There are limits in using cytology as a primary screening test. New strategies are needed.
Up to one-third of cervical cancers occur in screened women with normal Pap cytology.1,2
Liquid-based cytology (LBC) screening has been useful in significantly reducing the incidence and mortality rate of cervical cancer.3 Despite having high specificity, cytology has lower sensitivity than HPV testing, resulting in missed disease in patients, including cases of high-grade disease.1,2,4
Evidence supports moving to hrHPV testing for primary screening of cervical cancer.5
CINtec® PLUS Kit enhances sensitivity in cytology-based screening.
CINtec® Histology Kit significantly improves diagnostic accuracy.10
1. Leyden WA, Manos MM, Geiger AM, et al. Cervical cancer in women with comprehensive health care access: attributable factors in the screening process. J Natl Cancer Inst. 2005;97:675-683.
2. Andrae B, Kemetli L, Sparén P, et al. Screening-preventable cervical cancer risks: evidence from a nationwide audit in Sweden. J Natl Cancer Inst. 2008;100:622-629.
3. Saslow D, Solomon D. Lawson HW, et al. American Cancer Society, American Society for Colposcopy and Cervical Pathology, and American Society for Clinical Pathology screening guidelines for the prevention and early detection of cervical cancer. Am J Clin Pathol. 2012; 137:516-542.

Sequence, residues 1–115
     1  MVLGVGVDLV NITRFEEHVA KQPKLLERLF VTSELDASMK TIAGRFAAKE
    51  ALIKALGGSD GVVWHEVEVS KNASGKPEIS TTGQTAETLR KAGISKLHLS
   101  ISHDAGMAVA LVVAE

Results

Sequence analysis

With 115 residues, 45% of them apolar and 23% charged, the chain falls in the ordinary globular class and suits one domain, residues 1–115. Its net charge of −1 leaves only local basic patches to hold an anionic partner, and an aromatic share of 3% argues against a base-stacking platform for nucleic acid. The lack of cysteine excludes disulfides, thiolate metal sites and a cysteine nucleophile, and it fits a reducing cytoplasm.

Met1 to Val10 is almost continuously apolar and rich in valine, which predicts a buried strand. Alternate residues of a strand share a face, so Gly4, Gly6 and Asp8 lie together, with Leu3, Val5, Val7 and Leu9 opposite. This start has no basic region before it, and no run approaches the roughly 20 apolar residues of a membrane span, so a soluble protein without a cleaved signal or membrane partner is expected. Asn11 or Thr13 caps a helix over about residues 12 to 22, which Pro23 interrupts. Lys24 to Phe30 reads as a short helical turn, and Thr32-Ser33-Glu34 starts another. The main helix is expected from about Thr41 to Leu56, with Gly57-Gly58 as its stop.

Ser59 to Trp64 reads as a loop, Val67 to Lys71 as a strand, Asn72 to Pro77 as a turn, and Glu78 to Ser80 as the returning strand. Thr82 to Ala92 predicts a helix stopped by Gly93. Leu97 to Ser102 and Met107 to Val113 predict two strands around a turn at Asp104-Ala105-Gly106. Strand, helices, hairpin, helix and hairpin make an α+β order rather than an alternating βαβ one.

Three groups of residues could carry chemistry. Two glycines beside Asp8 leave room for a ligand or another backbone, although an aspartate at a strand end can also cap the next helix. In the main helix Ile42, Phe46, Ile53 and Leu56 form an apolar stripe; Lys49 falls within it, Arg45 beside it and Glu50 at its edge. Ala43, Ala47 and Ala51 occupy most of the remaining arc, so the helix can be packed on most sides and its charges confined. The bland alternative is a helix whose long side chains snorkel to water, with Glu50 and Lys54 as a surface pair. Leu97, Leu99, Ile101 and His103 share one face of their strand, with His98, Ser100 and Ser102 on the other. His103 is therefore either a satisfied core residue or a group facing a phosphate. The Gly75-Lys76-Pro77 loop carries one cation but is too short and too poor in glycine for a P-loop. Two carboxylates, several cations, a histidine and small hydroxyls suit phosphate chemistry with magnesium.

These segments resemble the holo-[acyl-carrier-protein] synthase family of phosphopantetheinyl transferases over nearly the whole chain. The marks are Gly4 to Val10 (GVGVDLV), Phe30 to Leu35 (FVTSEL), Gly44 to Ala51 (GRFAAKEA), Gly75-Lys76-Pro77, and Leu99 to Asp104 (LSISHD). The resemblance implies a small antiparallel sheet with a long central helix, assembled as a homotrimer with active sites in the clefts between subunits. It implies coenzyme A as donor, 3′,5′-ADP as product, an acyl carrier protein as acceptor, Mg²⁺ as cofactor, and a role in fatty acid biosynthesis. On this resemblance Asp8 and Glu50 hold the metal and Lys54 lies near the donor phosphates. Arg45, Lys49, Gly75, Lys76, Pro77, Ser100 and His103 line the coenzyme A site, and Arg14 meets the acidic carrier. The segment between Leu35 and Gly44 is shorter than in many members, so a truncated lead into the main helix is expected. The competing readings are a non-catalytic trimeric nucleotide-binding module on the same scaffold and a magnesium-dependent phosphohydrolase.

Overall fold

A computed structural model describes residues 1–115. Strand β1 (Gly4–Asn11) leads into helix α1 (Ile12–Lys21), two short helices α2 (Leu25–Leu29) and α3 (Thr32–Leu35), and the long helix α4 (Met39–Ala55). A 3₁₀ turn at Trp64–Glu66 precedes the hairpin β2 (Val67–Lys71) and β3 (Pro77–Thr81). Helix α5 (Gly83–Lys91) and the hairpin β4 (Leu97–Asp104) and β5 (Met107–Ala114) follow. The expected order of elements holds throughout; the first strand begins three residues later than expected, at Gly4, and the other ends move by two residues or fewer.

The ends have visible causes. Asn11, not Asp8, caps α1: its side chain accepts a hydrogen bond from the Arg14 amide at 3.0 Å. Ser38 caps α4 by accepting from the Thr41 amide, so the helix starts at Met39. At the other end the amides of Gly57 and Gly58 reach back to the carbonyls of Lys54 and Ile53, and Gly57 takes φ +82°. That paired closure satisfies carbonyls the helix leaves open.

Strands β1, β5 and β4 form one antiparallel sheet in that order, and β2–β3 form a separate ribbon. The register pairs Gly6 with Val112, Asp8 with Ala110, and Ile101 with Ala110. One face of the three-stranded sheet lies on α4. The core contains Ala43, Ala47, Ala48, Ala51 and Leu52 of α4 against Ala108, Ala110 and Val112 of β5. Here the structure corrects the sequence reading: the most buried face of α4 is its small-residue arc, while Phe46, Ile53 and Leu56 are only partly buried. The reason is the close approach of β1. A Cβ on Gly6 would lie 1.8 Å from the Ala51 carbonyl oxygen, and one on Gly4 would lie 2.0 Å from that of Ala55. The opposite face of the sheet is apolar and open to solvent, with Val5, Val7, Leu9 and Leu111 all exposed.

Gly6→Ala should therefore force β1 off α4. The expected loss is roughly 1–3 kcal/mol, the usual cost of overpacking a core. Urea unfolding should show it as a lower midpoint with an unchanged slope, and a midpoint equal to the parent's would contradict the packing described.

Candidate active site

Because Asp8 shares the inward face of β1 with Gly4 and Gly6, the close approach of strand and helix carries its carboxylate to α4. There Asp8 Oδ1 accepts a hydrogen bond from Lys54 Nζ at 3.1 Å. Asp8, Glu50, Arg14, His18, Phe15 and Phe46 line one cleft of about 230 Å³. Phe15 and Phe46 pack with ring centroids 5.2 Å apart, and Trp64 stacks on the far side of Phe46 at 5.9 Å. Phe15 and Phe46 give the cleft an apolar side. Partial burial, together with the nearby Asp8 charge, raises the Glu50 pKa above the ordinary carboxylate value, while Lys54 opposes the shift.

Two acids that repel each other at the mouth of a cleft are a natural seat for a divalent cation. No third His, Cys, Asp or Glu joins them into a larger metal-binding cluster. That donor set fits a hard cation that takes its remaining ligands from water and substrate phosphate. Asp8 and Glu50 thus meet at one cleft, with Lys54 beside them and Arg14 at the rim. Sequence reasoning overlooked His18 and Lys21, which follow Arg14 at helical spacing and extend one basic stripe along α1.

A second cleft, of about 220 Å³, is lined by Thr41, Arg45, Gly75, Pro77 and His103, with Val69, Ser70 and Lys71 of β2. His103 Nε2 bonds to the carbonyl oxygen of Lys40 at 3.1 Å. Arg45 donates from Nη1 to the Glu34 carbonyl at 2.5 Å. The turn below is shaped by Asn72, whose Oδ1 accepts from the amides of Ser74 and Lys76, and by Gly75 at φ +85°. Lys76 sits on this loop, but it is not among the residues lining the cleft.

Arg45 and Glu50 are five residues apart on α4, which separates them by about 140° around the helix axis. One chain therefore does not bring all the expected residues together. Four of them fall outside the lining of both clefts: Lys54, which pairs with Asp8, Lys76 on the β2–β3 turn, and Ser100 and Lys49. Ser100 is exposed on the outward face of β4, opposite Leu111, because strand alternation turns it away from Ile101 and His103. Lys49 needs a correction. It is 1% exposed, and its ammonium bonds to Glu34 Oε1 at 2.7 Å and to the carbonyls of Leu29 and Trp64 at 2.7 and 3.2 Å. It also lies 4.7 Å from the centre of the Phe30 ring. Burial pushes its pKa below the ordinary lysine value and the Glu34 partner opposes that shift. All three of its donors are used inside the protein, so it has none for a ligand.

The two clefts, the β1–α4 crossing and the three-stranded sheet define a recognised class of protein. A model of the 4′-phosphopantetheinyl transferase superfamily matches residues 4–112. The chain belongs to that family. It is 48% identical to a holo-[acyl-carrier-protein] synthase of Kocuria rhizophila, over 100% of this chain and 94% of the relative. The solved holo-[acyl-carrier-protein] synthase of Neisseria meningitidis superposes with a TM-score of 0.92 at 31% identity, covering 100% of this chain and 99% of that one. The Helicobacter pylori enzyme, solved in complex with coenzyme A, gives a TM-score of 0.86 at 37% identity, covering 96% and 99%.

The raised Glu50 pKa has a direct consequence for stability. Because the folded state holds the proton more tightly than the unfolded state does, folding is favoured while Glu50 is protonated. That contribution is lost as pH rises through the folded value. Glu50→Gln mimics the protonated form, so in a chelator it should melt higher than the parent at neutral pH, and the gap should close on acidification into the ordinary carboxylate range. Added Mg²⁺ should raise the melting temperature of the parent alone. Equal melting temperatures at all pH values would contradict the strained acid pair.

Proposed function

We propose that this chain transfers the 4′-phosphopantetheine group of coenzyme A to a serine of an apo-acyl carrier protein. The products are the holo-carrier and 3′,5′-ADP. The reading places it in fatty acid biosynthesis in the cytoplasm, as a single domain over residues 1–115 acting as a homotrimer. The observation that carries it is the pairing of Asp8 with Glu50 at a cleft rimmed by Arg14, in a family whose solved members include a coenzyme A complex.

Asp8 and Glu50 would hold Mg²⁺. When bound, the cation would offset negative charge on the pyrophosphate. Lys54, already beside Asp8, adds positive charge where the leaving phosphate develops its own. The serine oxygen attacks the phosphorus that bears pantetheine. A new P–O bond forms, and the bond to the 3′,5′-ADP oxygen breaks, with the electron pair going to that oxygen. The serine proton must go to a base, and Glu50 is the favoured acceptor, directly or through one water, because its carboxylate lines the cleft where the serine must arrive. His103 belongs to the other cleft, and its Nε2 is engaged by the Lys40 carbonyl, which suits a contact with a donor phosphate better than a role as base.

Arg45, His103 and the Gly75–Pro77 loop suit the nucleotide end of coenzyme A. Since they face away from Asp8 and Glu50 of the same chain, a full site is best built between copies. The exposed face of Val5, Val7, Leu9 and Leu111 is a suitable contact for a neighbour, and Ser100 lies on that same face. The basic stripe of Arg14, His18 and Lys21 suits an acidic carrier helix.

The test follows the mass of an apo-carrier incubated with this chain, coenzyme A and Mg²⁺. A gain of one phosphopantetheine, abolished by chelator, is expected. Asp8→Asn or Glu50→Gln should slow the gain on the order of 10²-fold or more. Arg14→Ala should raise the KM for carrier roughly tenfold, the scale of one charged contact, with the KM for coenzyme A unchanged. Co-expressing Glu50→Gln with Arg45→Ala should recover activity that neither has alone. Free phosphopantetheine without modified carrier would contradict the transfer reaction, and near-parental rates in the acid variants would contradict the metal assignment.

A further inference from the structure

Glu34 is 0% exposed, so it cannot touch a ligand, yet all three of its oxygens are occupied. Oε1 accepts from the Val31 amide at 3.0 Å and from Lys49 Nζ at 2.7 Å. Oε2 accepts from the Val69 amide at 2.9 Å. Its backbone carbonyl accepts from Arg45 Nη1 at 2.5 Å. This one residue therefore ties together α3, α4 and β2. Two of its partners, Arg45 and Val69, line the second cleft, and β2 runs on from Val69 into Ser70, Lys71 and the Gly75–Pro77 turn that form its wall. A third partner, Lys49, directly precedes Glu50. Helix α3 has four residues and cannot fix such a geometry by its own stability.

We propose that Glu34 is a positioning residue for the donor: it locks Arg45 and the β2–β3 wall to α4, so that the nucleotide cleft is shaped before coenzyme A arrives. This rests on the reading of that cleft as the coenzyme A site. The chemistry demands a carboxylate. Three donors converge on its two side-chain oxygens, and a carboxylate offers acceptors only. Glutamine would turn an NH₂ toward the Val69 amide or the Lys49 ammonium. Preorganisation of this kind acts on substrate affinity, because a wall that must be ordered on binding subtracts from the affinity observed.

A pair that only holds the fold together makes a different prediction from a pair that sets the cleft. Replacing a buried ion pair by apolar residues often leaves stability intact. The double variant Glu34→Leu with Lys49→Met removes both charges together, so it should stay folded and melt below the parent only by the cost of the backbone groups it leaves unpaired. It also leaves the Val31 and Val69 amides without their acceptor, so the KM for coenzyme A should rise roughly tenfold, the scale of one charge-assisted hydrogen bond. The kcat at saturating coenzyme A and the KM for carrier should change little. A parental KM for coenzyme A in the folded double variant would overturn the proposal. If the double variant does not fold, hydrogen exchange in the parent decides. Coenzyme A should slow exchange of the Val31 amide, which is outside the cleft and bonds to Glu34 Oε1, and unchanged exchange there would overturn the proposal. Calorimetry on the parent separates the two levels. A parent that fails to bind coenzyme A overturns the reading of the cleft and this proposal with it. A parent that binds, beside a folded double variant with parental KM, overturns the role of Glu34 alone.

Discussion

4. Whitlock EP, Vesco KK, Eder M, Lin JS, Senger CA, Burda BU. Liquid-based cytology and human papillomavirus testing to screen for cervical cancer: a systematic review for the U.S. Preventative Services Task Force. Ann Intern Med. 2011; 155:687-697.
5. Rijkaart DC, Berkhof J, Rozendaal L, et al. Human papillomavirus testing for the detection for high-grade cervical intraepithelial neoplasia and cancer: final results of the POBASCAM randomized controlled trial. Lancet Oncol. 2012; 13:78-88.
6. Cox JT, Castle PE, Behrens CM, et al. Comparison of cervical cancer screening strategies incorporating different combinations of cytology, HPV testing and genotyping for HPV 16/18: results from ATHENA HPV study. Am J Ob Gyn. 2012:in Press.
7. Wright T.C., Stoler M, Sharma A, Zhang G, Behrens C, Wright T.L., ATHENA Study Group. Evaluation of HPV-16 and HPV-18 genotyping for the triage of women with high-risk HPV+ cytology-negative results. Am J Clin Pathol. 2011;136:578-586.
8. Petry KU, Schmidt D, Scherbring S, et al. Triaging Pap cytology negative, HPV positive cervical cancer screening results with p16/Ki-67 dual-stained cytology. Gynecol Oncol. 2011;121(3):505-509.
9. Wentzensen N, Schwartz L, Zuna R.E., et al. Performance of p16/Ki-67 Immunostaining to Detect Cervical Cancer Precursors in a Colposcopy Referral Population. Clin Cancer Res 2012;18:4154-4162. Published Online First on June 6, 2012.
10. Bergeron C, Ordi J, Schmidt D, Trunk MJ, Keller T, Ridder R, European CINtec Histology Study Group. Conjunctive p16INK4a testing significantly increases accuracy in diagnosing high-grade cervical intraepithelial neoplasia. Am J Clin Pathol. 2010;133(3):395-406.